ABRUPT CUT TO:

                  is just silly. he claims "no such thing" as a SLAM CUT: or a SMASH CUT: exists, and then defines those cuts in such a way as to make it true, as if using either of those phrases means you're suggesting cutting faster than from one frame to another, which of course, is nonsense -- and then recommends using "ABRUPT CUT" instead. you might as well use the former if you're going to use the latter, because they indicate the same damned thing, and after all, "a cut is a cut." the only reason ABRUPT CUT: could possibly be better, is because, for no good reason, he defined SLAM CUT: out of existence. (i've never used any of those transitions, and think if the writing is good, the context of the cut should be enough. i just object to defining something out of existence so that you can make up your own transition.)

                  Don't tell the actor how to communicate to his audience, tell him what to communicate.

                  So I married someone else instead.

                  Alexis seems less than excited.

                  Don't coach an actor an how to say his lines. You'll be wasting precious words. Once a good actor has learned his lines, they are part of the character, not your screenplay.

                  lines such as that aren't primarily for "coaching the actor," they're there so that the reader, who doesn't have benefit of an actor delivering the lines unless and until the film goes into production, can imagine the characters, their personalities, their deliveries. before a script can be a movie, it has to be read by dozens of people, all of whom have to be able to envision it without actors, without sets, without anything but their imaginations, and it's advice like this that makes so many screenplays dry and boring and less visual than silence.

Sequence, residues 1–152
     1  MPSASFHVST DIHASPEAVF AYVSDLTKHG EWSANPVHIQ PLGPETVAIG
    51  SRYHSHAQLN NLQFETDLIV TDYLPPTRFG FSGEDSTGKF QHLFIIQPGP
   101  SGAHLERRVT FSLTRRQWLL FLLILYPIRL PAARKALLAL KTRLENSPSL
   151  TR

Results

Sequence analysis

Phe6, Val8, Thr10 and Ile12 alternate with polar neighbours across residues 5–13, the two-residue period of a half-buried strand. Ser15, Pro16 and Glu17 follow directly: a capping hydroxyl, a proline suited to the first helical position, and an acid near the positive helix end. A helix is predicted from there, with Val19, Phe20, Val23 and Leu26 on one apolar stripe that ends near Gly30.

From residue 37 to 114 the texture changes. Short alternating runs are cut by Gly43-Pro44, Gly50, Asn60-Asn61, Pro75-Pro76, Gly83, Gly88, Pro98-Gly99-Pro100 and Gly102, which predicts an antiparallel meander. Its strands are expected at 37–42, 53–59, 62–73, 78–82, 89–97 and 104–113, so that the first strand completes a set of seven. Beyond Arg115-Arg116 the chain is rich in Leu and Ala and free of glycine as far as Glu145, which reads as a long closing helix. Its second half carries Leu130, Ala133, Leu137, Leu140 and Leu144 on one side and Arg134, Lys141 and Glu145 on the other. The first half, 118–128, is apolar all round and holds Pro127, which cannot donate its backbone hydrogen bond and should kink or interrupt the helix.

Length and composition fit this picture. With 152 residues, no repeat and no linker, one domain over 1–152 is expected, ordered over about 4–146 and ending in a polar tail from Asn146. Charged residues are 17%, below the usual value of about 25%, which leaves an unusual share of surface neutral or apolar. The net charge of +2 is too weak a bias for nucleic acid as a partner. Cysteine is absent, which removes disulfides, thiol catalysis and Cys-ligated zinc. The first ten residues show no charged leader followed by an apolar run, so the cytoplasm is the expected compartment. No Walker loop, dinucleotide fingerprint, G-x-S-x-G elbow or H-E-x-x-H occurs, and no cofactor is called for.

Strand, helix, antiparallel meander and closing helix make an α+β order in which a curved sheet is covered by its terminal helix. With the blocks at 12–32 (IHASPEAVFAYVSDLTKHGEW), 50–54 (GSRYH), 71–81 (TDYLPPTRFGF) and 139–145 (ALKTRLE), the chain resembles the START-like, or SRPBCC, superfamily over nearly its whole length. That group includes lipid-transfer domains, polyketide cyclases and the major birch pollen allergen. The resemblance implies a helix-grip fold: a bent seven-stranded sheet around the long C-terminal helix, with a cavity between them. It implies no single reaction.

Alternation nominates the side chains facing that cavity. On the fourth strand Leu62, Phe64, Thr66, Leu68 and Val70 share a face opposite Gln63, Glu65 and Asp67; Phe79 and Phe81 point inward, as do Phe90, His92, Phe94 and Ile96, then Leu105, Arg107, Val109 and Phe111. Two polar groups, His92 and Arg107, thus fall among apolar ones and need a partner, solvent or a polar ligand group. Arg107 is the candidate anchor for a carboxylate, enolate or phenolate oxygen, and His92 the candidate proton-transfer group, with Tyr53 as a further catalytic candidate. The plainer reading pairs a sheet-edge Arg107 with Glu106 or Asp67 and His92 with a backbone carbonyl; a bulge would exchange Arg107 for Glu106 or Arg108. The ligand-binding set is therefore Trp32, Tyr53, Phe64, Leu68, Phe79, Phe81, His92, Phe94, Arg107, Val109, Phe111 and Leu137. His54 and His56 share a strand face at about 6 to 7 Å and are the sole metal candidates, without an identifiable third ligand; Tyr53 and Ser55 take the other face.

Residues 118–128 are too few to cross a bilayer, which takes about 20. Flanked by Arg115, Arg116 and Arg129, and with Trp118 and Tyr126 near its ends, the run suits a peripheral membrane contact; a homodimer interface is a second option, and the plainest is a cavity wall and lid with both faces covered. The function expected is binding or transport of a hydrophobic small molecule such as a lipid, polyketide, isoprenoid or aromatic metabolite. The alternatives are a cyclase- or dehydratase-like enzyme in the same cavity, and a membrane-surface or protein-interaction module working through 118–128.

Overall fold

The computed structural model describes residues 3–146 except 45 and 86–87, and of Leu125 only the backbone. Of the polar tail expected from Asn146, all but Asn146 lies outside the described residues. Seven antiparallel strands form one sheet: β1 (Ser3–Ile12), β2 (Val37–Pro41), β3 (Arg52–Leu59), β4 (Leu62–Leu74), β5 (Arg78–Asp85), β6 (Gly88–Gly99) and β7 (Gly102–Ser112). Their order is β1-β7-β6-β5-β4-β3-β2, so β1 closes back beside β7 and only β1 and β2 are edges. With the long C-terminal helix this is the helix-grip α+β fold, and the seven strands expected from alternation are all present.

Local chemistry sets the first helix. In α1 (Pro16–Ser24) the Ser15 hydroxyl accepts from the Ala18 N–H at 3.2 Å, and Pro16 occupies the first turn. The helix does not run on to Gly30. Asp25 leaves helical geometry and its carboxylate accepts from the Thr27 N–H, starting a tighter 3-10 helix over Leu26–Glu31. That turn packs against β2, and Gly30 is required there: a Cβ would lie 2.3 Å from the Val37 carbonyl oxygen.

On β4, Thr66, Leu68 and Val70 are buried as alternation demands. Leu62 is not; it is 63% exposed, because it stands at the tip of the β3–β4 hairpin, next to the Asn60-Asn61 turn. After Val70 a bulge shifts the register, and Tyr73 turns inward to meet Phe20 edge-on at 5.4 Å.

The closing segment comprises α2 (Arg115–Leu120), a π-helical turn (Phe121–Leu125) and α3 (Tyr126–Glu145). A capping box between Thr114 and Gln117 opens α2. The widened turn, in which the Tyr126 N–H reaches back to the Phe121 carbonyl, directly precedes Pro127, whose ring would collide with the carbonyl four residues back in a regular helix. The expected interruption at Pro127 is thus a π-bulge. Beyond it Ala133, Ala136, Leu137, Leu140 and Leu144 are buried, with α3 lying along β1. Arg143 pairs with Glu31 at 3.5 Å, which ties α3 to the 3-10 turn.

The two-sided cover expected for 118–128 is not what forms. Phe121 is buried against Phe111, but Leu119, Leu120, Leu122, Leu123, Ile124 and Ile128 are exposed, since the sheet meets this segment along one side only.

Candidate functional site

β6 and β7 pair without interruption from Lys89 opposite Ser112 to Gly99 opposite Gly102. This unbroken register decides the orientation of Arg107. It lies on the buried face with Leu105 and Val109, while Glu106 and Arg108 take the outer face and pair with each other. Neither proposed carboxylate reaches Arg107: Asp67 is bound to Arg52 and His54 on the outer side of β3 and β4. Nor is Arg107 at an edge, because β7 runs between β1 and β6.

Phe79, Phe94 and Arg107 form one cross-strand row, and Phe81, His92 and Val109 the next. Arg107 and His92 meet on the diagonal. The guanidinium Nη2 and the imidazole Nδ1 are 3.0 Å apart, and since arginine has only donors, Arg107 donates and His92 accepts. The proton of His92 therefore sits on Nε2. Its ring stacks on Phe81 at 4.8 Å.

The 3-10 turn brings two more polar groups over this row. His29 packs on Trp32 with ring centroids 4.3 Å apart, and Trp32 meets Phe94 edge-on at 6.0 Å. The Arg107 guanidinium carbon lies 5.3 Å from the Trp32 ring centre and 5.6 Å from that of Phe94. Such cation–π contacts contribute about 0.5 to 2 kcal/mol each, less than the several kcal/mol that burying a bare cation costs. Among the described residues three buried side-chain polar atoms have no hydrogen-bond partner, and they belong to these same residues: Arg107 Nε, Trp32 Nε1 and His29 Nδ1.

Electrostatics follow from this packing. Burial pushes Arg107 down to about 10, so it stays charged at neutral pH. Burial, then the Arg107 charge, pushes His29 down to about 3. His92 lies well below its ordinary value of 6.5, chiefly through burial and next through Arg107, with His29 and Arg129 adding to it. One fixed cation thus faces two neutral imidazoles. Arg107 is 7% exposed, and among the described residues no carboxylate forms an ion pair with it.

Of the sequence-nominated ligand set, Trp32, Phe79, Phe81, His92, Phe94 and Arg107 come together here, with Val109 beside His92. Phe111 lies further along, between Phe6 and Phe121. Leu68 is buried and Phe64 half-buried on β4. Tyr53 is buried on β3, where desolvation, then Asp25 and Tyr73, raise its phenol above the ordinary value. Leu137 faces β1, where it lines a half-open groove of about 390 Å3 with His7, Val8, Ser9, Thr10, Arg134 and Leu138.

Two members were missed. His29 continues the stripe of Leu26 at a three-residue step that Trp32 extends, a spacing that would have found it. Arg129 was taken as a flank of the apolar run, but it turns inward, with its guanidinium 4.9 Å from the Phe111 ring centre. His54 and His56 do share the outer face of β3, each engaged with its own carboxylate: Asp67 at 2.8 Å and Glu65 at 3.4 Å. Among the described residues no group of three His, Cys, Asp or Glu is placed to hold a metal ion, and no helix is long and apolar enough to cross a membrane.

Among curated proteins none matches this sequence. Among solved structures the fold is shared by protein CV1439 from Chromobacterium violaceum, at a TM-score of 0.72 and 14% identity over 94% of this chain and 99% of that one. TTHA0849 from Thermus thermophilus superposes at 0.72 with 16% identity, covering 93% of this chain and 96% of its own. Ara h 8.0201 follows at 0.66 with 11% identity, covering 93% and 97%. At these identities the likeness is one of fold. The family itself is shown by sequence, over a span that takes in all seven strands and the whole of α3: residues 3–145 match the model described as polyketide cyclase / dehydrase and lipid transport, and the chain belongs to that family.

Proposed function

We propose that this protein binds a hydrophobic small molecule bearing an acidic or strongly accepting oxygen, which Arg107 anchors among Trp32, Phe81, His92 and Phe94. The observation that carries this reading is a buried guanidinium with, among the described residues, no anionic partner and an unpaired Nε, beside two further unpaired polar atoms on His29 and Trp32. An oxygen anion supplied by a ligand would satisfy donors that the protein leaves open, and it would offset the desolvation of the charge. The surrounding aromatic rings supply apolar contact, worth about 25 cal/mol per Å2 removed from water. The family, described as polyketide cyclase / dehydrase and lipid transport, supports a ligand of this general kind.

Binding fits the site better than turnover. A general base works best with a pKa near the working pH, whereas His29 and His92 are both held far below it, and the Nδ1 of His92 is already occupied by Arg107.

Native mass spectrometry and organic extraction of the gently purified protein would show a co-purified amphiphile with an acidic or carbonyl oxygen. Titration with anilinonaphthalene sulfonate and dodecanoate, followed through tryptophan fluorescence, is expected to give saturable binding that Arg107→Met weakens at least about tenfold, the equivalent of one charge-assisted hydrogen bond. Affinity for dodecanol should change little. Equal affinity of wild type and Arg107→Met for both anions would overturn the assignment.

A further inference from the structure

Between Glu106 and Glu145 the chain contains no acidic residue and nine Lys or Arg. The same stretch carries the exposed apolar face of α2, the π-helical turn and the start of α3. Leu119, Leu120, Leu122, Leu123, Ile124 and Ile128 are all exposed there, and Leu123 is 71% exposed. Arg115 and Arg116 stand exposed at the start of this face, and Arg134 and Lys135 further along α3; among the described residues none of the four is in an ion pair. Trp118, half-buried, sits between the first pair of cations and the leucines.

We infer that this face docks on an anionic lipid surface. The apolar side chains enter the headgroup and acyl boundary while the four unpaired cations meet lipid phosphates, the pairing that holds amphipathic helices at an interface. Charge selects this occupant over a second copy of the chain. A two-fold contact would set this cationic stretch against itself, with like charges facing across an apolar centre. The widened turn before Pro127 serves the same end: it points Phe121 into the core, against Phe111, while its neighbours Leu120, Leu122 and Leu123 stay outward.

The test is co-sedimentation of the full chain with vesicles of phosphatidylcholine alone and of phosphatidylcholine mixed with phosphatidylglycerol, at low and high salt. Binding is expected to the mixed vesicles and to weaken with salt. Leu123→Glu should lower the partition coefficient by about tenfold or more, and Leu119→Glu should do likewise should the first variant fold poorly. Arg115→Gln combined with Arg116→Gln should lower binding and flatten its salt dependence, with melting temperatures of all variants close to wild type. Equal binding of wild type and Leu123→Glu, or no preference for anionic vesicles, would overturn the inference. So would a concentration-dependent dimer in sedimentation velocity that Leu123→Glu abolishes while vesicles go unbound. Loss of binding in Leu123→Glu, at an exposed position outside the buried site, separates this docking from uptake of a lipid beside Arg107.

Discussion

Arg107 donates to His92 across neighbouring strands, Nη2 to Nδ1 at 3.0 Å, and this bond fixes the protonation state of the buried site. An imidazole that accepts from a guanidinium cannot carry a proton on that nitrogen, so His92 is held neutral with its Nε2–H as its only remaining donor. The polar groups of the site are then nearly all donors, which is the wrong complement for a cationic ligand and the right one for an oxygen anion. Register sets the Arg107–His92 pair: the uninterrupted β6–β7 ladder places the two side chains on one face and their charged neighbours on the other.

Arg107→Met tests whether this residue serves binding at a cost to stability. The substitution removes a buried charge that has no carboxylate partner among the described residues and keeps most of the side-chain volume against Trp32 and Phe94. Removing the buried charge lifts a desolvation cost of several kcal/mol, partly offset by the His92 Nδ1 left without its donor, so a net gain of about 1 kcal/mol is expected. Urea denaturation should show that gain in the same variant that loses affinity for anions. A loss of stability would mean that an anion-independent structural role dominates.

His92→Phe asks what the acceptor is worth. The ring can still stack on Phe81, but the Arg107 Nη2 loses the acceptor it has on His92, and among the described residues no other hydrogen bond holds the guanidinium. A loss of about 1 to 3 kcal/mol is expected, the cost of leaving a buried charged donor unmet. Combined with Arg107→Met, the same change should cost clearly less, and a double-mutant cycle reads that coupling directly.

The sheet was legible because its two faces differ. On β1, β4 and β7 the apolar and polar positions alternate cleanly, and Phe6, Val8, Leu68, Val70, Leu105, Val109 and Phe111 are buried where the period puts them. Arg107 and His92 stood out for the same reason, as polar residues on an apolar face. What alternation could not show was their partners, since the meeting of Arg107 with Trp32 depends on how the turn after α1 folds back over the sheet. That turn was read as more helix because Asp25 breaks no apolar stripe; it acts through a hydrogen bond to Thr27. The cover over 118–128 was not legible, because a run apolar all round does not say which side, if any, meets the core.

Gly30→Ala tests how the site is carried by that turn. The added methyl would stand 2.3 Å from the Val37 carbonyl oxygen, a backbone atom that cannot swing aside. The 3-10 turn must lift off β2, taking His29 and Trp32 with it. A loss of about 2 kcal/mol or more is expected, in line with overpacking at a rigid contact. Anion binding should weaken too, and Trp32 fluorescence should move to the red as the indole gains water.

She drives down the street listening to Bonnie Raitt's "Burning Down the House."

                  One, you're wrong. Chances are something else will eventually be chosen. Two, if the reader isn't familiar with your favorite music, it's confusing and meaningless. Three, a reader's orientation is to visual images, and we are not likely to hum along as we read.

                  one, you're not wrong. even if something else will eventually be chosen in the film, in the script she will still be listening to bonnie raitt, and if it works in the script, that's what matters. two, if a reader finds a song title "confusing," he's an idiot. even if he doesn't know the song, it's not gonna be confusing. at worst, it means nothing to that particular reader in and of itself. terry rossio and bill marsillii used a beach boys song to great effect in deja vu, and i did find myself humming the song -- despite the fact that i'm not a beach boys fan, at all. nicholas kazan used a rolling stones song to great effect in fallen. and there's a hundred other examples of a song being useful. bottom line is, like all things, only use a song if it's useful to telling the story and don't if it's not.